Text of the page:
FOUR doctors from a West Yorkshire hospital trust who performed dozens of life changing operations in Ghana have been recognised by the British Medical Association.
The volunteer medics from the Mid Yorkshire Hospitals NHS Trust, which runs hospitals in Wakefield, Pontefract and Dewsbury, helped patients in Ghana who desperately needed help with untreated hernias.
Chris Macklin, Beverley Parker, Hannah Welbourn, and team leader Fawole Adeshina successfully treated 107 patients in Africa as part of the Operation Hernia project.
Operation Hernia is a not-for-profit organisation that provides surgery to patients in developing countries who otherwise would not receive it.
Dr Parker said: “It has been estimated that there are 6.3m untreated hernias in Africa. As a result, numerous preventable deaths and cases of permanent disability occur.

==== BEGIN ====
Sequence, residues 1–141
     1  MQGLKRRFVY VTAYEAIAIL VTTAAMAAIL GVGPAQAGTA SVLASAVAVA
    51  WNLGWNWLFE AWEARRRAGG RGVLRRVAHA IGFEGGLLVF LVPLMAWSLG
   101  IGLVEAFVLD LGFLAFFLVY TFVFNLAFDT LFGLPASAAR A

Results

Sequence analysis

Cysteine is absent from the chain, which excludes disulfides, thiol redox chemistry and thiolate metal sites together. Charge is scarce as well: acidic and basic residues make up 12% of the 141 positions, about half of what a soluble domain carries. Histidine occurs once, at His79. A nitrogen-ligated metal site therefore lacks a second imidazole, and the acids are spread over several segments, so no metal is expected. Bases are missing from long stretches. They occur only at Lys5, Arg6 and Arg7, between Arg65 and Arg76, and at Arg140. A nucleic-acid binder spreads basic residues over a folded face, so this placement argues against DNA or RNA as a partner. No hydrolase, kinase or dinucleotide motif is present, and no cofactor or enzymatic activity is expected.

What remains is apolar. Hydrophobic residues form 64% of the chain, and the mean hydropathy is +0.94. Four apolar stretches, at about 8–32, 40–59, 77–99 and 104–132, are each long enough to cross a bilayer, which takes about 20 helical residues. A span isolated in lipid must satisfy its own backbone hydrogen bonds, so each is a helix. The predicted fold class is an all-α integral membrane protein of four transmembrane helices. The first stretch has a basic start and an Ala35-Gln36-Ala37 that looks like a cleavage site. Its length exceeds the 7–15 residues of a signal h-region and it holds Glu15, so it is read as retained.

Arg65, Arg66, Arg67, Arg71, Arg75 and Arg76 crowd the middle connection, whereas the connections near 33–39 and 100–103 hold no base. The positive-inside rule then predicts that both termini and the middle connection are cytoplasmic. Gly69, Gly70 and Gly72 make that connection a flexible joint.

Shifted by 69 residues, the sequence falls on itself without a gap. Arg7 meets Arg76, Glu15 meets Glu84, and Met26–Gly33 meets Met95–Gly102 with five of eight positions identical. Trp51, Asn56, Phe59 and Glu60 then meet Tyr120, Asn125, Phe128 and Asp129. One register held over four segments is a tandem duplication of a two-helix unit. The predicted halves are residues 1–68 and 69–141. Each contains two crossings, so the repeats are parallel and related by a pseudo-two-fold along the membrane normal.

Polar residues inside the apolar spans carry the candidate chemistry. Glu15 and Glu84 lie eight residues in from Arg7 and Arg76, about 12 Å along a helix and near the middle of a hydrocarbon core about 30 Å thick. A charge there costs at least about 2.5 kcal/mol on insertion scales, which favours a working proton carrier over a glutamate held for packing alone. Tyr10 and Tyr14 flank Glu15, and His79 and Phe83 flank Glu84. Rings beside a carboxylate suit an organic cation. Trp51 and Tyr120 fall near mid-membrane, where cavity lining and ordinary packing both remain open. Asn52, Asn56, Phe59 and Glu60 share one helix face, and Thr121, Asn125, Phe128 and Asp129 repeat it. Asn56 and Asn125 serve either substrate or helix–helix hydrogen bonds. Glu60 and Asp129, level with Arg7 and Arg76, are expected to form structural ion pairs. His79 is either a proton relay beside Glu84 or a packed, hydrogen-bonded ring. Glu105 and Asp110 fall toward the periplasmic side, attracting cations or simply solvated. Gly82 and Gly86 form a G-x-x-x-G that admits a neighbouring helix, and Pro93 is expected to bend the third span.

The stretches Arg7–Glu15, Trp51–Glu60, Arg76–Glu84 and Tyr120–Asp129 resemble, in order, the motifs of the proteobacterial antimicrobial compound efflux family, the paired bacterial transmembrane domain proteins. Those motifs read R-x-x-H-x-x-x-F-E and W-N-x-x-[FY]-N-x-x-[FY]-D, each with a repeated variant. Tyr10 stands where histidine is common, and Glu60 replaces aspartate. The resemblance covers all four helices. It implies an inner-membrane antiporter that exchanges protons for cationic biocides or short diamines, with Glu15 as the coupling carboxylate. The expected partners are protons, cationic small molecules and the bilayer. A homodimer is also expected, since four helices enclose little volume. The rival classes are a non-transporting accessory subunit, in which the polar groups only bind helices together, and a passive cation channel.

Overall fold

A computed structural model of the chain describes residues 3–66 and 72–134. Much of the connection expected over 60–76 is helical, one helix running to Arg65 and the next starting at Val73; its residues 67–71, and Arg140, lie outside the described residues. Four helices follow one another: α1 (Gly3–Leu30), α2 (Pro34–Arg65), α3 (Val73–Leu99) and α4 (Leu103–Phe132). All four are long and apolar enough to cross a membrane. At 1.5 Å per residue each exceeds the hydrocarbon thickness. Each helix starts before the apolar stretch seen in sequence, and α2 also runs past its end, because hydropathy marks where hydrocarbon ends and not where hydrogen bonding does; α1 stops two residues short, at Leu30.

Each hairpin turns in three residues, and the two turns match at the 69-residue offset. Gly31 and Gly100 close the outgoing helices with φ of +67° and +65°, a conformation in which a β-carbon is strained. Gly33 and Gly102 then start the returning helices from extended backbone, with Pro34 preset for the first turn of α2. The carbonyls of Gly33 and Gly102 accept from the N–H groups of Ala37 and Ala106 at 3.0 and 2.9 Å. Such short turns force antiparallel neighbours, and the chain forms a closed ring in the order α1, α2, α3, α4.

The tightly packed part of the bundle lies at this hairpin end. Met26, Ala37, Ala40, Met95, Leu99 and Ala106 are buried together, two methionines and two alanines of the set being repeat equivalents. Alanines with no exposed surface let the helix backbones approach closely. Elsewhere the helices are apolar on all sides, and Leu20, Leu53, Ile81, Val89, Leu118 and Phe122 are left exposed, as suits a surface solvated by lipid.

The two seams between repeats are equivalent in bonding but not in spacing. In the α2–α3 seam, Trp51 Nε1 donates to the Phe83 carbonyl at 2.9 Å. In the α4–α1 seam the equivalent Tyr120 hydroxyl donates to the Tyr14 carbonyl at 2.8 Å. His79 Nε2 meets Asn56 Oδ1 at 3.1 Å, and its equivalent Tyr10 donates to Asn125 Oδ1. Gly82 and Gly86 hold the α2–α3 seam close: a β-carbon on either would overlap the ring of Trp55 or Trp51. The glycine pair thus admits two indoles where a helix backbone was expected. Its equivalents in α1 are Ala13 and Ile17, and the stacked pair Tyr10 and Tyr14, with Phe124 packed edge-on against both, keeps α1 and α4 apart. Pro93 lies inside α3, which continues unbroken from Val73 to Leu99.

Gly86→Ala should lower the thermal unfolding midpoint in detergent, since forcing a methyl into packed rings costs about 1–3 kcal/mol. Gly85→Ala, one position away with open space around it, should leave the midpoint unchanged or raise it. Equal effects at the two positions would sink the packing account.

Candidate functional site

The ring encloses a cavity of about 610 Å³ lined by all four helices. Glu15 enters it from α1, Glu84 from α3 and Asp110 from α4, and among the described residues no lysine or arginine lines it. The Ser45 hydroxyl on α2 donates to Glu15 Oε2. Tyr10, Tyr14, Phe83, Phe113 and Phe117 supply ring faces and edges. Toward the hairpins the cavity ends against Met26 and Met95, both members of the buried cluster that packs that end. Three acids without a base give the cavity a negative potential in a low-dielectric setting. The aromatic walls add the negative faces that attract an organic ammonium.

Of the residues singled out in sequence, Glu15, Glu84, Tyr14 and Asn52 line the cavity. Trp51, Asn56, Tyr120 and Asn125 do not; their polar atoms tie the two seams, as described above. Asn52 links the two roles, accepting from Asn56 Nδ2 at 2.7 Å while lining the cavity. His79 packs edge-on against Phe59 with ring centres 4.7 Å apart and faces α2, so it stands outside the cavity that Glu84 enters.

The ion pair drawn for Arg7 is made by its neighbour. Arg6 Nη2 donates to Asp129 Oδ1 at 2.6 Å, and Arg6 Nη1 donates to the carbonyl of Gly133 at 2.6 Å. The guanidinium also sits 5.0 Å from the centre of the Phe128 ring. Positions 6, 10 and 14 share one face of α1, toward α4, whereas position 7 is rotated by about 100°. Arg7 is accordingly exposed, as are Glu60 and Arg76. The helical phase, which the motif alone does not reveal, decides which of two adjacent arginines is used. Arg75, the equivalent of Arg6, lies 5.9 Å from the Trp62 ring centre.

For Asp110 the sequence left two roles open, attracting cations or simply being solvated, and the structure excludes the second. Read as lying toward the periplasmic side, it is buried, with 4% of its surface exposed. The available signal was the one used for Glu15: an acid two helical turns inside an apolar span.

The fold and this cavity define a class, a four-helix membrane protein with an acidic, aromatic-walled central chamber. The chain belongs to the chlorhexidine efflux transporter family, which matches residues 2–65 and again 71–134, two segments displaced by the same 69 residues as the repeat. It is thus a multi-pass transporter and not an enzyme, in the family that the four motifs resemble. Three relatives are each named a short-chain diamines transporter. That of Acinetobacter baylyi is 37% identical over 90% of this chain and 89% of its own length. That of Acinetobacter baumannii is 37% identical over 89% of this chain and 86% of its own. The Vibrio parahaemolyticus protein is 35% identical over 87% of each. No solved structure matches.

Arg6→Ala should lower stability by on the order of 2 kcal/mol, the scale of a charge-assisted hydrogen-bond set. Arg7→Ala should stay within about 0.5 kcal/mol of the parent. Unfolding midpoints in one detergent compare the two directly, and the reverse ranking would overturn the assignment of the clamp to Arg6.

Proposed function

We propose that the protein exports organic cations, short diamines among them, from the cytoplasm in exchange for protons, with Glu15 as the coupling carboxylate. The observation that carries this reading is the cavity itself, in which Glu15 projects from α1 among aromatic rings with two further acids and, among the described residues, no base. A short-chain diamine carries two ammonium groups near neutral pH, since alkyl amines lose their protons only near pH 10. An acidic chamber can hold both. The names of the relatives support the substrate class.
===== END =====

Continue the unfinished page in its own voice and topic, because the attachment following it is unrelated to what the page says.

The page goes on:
“In just five days we operated on 107 patients, including 19 children, who without the treatment may have died.
“We counted our blessings whilst working in Ghana and were inspired by the patients and staff who demonstrated admirable teamwork, and despite the poor resources had results to be proud of.”
The trip was part of the British Medical Association’s new ‘Doctors as Volunteers’ initiative, which promotes and supports people considering medical volunteering.
The doctors’ work won plaudits from the British Medical Association.
Dr Ian Wilson, Chair of the British Medical Association’s representative body, said: “The importance and significance of charitable work has far reaching benefits not only to the individual, through broadening the skills base of clinicians, but also to host countries or UK communities where help and assistance leaves a positive legacy.
“By showcasing individual experiences, we hope to encourage and inspire those considering voluntary work.”